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The Boston Globe

October 4, 1994, Tuesday, City Edition

Psychiatrists and sex abuse;
State regulation marked by delay, confusion, loopholes;
SIDEBAR 1;
Sex abuse bills in limbo;
SPOTLIGHT Third of four parts The series was prepared by the Spotlight Team: Editor Gerard O’Neill, reporters Dick Lehr, Brian C. Mooney, Bruce Butterfield and Dolores Kong, photographer John Tlumacki and researcher Karen Douglass. Today’s story was written by Lehr. THIS STORY HAS BEEN ENTERED INTO THE DATABASE IN TWO PARTS. THIS IS PART TWO.

BYLINE: By Dick Lehr, Globe Staff

SECTION: METRO/REGION; Pg. 1

LENGTH: 1051 words

Four years after a reform package that includes a bill to criminalize sexual misconduct by doctors was introduced, the legislation remains in limbo on Beacon Hill.
Most vexing to supporters has been the impasse on the so-called injunctive relief bill, the measure to stop psychiatrists who have lost their licenses from practicing as therapists. The bill met little opposition, but, until this year, has been tabled.
“It’s embarrassing that there isn’t some mechanism to shut these guys down, and also dangerous for the unsuspecting public,” says Rep. Barbara Gardner (D-Holliston), the package’s chief sponsor. “That bill is a no-brainer.”
But this year, says Gardner, there is hope. The House approved the bill and it is now in the Senate, awaiting action.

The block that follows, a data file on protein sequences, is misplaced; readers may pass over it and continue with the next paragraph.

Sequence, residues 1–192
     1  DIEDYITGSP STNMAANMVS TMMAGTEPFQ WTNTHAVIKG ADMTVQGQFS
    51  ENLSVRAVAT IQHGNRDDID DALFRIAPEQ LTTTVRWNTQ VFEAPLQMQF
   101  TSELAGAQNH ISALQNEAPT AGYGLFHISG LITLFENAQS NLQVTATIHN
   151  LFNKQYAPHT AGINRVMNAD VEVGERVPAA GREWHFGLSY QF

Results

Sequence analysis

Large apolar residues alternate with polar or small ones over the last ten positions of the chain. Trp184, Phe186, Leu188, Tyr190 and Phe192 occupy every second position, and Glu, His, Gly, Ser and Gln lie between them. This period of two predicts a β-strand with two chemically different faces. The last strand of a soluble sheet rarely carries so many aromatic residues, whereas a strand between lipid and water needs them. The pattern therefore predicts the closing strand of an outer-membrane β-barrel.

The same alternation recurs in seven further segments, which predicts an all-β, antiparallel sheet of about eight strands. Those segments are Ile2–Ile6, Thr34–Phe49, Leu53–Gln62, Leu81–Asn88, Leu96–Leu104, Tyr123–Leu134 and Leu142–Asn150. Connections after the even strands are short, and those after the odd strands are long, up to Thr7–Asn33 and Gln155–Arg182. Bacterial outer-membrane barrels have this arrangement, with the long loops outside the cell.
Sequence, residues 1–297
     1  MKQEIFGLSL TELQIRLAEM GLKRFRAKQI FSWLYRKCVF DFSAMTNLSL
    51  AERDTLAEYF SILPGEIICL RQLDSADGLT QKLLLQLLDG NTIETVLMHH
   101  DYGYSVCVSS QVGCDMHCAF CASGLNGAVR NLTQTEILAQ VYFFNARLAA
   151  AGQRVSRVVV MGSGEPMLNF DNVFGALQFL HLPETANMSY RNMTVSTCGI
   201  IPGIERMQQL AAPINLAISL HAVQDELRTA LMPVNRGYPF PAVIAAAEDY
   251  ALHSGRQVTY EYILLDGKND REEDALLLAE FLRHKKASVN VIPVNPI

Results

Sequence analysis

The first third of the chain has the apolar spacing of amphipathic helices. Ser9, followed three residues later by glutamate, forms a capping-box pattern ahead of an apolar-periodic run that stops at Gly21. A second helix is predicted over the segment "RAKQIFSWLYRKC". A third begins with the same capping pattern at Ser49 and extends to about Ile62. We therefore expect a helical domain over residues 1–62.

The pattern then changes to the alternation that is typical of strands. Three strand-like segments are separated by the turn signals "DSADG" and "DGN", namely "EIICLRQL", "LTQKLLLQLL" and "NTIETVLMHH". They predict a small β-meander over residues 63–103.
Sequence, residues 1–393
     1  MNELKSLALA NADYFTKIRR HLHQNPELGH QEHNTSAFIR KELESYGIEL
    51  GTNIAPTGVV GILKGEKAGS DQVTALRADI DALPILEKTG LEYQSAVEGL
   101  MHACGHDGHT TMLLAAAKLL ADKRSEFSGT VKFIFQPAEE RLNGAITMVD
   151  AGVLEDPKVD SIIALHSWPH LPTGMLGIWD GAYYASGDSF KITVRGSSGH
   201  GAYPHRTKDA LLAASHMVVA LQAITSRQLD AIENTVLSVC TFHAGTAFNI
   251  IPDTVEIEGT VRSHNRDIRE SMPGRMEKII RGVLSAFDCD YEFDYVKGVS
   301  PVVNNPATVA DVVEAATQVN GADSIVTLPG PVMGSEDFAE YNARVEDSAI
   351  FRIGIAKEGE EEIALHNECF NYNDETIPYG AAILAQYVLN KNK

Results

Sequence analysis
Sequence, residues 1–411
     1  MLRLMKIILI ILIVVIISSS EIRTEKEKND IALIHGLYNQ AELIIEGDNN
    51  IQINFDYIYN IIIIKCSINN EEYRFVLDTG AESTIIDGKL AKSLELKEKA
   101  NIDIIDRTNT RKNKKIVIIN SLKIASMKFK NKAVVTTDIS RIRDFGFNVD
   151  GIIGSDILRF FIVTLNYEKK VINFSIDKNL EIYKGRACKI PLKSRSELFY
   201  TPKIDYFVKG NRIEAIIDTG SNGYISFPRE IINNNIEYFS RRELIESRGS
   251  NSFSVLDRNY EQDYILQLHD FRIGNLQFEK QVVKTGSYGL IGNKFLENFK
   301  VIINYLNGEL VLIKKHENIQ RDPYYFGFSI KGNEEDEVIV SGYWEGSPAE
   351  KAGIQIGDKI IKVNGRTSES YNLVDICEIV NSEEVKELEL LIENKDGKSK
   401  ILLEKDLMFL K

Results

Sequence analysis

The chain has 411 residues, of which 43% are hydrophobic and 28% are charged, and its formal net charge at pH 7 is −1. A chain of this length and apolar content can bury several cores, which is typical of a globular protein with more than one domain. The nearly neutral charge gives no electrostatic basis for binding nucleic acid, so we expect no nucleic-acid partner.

Following is a brief summary of the reform bills.
HOUSE 5228: This bill would empower the state attorney general to seek injunction against psychiatrists, practicing as therapists, who have lost their medical license for the sexual abuse of patients. The bill is pending in the Senate.
HOUSE 856: This bill would criminalize sexual relations between a therapist and a patient. Penalties range from prison terms of five to 20 years, depending on the number of victims. The bill is in committee, with no action by either chamber.
HOUSE 936: This bill would require health professionals to report to medical authorities any sexual abuse by other professionals that is disclosed to them by patients. The bill is still in committee, with no action by either chamber.

2 Two doctors give views about sex with clients Lionel A. Schwartz
Dr. Schwartz admitted to having sex with three patients during the 1960s and 1970s, including two students at Wellesley College, where he worked as a staff psychiatrist at the time. Schwartz, who in recent years settled two lawsuits for $ 1.5 million, is now 72 and lives near Los Angeles.
The following is excerpted from a deposition taken in 1989 during one of the sexual malpractice lawsuits against Schwartz. The patient’s attorney, Clyde Bergstresser, questions Schwartz.
Q: Did you actually formulate a conclusion that it would be in (her) best interests to have sexual contact with her? A: I thought so at the time. Q: And can you explain for me how you thought that engaging in sexual contact with her would assist her. . .? A: Physical affection would make her feel more accepted. Q: Was it more often than not that you would have some form of sexual contact during a psychotherapy session? A: More often than not. Q: Now, did you have oral sex with (her)? A: Yes. Q: Did that include both fellatio and cunnilingus? A: Yes. Q: In what way did you consider that having oral sex with (her) would assist in her psychotherapy? A: It’s a form of lovemaking which she found very exciting. Q: Any rationale beyond that? A: No.. . .That was the primary motivation, but . . . Q: Were there secondary motivatons? A: Yes. Q: What were they? A: It was pleasurable. Q: Pleasurable for you? A: Yes.